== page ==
On June 9, 1865, a stunned Charles Dickens crawled out of a derailed train carriage hanging precariously off a bridge near Staplehurst in Kent, England, to a scene of pure chaos. Below him, he could see other cars from the train mangled and broken in the shallow river; 10 people had been killed and more than 40 others injured. The Oliver Twist and Great Expectations author, then 53 years old, would die of natural causes five years to the day after the accident having avoided railroad travel as much as possible and confessing, “to this hour, I have sudden vague rushes of terror.”
Modern researchers have suggested he suffered from post-traumatic shock.
Dickens, returning from a short holiday in France, was traveling in the train’s third car—a first-class carriage—with his mistress Ellen Ternan and her mother. At the time, work was being done on several bridges crossing the River Beult: The railway’s iron tracks had to be periodically taken up so any rotten wooden timbers below them could be replaced, and work on the 168-foot-long Staplehurst bridge was scheduled for June 9.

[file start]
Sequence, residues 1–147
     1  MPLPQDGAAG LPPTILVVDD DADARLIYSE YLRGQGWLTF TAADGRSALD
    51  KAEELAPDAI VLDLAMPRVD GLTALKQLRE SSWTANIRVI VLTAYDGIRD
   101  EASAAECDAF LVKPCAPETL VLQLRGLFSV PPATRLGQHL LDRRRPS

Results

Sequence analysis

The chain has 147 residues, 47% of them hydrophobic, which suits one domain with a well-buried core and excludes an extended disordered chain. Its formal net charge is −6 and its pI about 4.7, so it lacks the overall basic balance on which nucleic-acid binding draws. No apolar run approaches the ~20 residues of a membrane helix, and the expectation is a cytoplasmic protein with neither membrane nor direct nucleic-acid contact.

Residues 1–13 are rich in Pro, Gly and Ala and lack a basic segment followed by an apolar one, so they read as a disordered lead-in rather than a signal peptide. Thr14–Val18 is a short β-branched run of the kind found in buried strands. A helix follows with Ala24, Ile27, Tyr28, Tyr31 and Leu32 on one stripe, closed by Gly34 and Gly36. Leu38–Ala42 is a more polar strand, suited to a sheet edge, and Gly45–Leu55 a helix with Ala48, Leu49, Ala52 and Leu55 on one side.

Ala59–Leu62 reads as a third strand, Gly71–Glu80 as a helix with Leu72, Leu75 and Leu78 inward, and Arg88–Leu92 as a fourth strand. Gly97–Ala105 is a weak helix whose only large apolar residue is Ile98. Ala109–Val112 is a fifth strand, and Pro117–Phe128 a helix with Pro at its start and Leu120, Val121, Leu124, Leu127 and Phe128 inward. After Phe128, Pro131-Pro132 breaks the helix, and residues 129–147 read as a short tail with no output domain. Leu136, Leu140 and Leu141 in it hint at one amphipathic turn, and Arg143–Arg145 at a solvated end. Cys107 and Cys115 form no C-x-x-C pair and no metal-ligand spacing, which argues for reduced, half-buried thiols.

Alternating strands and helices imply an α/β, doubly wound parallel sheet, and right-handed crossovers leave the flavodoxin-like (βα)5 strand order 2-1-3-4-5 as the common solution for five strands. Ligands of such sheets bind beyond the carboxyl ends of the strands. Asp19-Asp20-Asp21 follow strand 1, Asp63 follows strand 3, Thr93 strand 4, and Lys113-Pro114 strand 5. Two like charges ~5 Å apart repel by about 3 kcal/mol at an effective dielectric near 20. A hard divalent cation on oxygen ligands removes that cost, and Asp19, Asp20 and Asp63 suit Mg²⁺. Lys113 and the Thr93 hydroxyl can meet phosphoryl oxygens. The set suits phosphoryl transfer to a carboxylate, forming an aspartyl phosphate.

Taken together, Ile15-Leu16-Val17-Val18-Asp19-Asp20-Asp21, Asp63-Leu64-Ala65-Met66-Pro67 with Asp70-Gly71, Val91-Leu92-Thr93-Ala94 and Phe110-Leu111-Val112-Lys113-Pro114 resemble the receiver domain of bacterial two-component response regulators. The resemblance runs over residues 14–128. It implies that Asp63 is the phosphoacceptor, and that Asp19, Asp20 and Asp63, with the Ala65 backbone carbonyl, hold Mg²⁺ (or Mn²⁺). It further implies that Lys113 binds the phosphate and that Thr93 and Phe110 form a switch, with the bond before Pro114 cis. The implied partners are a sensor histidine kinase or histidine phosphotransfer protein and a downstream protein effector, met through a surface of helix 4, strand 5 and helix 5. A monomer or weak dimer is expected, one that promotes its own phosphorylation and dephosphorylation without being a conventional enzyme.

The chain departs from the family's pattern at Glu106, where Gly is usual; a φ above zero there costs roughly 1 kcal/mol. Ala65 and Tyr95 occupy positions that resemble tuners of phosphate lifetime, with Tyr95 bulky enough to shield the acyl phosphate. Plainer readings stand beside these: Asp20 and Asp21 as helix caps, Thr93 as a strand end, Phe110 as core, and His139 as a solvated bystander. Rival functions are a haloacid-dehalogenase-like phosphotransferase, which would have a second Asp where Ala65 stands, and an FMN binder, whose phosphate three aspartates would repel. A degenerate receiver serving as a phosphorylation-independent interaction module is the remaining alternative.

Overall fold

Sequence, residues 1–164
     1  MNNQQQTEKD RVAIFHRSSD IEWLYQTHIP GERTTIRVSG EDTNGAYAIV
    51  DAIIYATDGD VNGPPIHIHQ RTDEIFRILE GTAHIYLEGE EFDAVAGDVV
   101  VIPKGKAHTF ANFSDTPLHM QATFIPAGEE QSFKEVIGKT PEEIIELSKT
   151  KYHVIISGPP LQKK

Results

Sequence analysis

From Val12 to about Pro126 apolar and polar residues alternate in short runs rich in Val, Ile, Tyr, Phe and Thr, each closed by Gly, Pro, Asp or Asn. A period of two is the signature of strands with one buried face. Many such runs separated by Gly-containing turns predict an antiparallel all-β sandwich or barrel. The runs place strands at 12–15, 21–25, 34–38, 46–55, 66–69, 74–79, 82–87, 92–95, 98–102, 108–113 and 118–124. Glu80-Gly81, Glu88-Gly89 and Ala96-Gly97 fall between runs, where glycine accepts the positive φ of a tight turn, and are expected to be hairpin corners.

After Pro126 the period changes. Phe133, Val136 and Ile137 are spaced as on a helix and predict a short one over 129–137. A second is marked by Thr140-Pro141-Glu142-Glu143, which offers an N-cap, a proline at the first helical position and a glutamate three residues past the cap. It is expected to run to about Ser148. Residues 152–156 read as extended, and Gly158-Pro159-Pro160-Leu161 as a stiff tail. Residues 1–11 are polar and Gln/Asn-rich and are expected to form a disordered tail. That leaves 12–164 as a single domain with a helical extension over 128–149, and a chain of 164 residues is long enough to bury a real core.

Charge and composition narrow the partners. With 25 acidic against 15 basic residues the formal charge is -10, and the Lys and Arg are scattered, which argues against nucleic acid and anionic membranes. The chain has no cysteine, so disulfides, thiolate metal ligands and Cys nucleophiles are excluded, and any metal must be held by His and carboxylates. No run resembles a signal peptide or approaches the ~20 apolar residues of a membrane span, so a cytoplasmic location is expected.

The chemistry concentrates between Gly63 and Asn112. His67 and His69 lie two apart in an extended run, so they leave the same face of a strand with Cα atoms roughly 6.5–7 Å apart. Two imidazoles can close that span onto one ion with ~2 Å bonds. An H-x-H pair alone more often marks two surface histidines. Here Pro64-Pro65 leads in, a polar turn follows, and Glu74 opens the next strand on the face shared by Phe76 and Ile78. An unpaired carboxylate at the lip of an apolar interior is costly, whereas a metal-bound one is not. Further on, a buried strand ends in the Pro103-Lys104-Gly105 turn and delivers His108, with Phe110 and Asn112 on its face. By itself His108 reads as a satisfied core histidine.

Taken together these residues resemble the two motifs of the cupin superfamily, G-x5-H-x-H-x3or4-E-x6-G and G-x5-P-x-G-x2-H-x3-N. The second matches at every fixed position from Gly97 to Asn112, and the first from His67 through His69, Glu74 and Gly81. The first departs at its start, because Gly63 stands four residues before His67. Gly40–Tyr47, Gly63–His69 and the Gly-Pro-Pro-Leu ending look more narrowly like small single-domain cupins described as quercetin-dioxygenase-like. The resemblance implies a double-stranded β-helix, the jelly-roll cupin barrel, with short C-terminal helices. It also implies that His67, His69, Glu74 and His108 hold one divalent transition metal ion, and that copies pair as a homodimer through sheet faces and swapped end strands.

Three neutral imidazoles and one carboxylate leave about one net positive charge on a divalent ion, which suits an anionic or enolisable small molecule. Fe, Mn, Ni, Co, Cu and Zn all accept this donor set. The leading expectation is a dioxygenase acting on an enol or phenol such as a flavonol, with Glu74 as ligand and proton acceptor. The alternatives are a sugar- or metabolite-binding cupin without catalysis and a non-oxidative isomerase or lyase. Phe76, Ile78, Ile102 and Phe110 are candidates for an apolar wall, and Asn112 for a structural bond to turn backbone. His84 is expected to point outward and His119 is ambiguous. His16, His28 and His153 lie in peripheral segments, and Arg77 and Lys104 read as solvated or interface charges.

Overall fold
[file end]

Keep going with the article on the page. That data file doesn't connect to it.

As the train approached the bridge at 50 mph, a signalman stationed 550 yards ahead of the work flagged the train to stop. The train’s engineer, an experienced man named George Crombie, immediately ordered the brakes applied and tried to reverse the locomotive’s engine to help stop the train. The work crew ran up the track waving their arms and shouting.
But it was all too late.
“Suddenly,” Dickens wrote, “we were off the rails and beating the ground as the car of a half-emptied balloon might do.”